I’m a relatively new mom all things considered. My daughter is about to turn 4, but I feel like I’ve learned a life’s worth of lessons with her so far. Her presence has shown me so many limiting ways of being that I was operating from. Now that I’ve plunged myself into this journey of self-awareness and awakening to the truth of who I am, I’m seeing more and more how many of those limiting behaviors I still have and I’m seeing more how others are similarly trapped (or more or less so, depending on where they are).
Early on, when Zara was less than 1, I often found myself complaining about her lack of sleep, her lack of doing what I wanted, when I wanted. It was all around me too, all of us young mothers, complaining to one another, and there were many books out there to support the complaints, such as “how to get your baby to sleep,” “how to whisper to your baby the way this person does,” and the list is endless. I could have stood at the parenting section for hours and not really known where to start. It kind of felt like I was being given a chance to start over. Instead of carrying my life forward from my old ways of being and my old job, where we would work and then complain, work and then complain, I was given the most precious gift of all, a beautiful baby girl with a wise soul, deep eyes and an open heart, who showed me with her presence and her reactions to my behavior and my unconscious energetic rebukes, what I was really doing. She was giving me a chance to try again, to see if there really was another way to operate, instead of from defense, blame, victimhood and what about me-hood, she was showing me what my actions were doing to her and she was looking at me with those wise eyes, almost as if to say, “I know you can do this, really I do.”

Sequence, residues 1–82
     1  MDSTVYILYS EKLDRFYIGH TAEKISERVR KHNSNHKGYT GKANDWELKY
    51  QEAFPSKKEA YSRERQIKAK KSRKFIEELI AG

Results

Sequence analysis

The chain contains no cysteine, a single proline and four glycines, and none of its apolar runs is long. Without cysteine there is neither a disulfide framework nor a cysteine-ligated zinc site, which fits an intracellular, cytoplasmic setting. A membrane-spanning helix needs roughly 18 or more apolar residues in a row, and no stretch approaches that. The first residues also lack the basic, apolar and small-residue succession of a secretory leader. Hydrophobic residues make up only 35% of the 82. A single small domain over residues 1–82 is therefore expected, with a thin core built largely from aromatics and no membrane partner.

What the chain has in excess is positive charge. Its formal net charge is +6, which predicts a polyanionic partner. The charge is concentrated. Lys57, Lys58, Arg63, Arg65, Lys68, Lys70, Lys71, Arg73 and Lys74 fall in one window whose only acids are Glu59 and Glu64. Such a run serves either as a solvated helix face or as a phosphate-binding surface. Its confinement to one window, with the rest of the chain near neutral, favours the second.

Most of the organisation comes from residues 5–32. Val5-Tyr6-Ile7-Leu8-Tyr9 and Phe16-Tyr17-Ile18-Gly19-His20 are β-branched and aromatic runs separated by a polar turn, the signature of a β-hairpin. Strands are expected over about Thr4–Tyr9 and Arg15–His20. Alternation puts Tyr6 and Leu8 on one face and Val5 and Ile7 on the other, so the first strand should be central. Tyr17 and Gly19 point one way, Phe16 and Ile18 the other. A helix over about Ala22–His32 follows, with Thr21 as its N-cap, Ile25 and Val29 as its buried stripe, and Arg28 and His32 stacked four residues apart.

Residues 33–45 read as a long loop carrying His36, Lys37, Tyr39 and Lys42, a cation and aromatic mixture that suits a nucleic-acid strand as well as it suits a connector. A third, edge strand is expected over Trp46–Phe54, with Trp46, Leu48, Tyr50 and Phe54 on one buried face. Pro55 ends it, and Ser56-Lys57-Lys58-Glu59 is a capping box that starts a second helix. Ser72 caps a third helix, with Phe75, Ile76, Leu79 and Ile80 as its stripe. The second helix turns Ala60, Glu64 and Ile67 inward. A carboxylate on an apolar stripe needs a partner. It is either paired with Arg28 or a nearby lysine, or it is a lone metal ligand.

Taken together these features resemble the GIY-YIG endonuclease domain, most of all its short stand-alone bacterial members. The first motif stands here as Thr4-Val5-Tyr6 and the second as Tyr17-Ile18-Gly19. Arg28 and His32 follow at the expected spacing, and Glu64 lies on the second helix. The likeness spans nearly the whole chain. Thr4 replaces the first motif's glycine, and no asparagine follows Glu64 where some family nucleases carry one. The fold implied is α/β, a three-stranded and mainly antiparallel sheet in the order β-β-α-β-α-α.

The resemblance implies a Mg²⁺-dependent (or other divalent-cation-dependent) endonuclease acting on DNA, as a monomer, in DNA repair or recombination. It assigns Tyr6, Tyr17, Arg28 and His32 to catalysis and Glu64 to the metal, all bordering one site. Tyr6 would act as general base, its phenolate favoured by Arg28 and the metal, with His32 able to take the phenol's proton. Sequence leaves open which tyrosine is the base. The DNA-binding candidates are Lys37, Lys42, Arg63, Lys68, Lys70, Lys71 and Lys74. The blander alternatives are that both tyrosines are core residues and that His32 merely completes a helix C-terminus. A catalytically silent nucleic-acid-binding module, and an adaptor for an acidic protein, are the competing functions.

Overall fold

I’ve since come a long way. In fact, sometimes I’m not even sure I’m the same person who was angry at our little precious one (9 months old is one time I remember) for not going to sleep, and then deciding that if she wasn’t going to go to sleep, then I would turn on the TV and just watch it. I’ve been learning how to forgive myself lately and whenever those memories of my unconscious behaviors come up and I start to blame myself and feel guilty, I’m learning to be kind to myself and stop, close my eyes and put my hands on my heart and say, “I forgive myself,” out loud. It feels really good. I really didn’t know any better, I really was doing the best I could have, and sometimes when I forgive myself audibly like that, I get goose bumps and I know that it’s true, that I’ve really forgiven myself and I’ve chosen self-love over self-beating-up like I used to.